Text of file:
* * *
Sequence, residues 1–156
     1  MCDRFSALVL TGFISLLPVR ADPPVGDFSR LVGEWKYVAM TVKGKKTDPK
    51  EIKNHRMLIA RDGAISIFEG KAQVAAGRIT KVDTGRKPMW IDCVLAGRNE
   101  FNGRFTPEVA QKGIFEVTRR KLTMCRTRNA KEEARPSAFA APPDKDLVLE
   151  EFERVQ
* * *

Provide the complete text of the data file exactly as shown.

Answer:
Sequence, residues 1–156
     1  MCDRFSALVL TGFISLLPVR ADPPVGDFSR LVGEWKYVAM TVKGKKTDPK
    51  EIKNHRMLIA RDGAISIFEG KAQVAAGRIT KVDTGRKPMW IDCVLAGRNE
   101  FNGRFTPEVA QKGIFEVTRR KLTMCRTRNA KEEARPSAFA APPDKDLVLE
   151  EFERVQ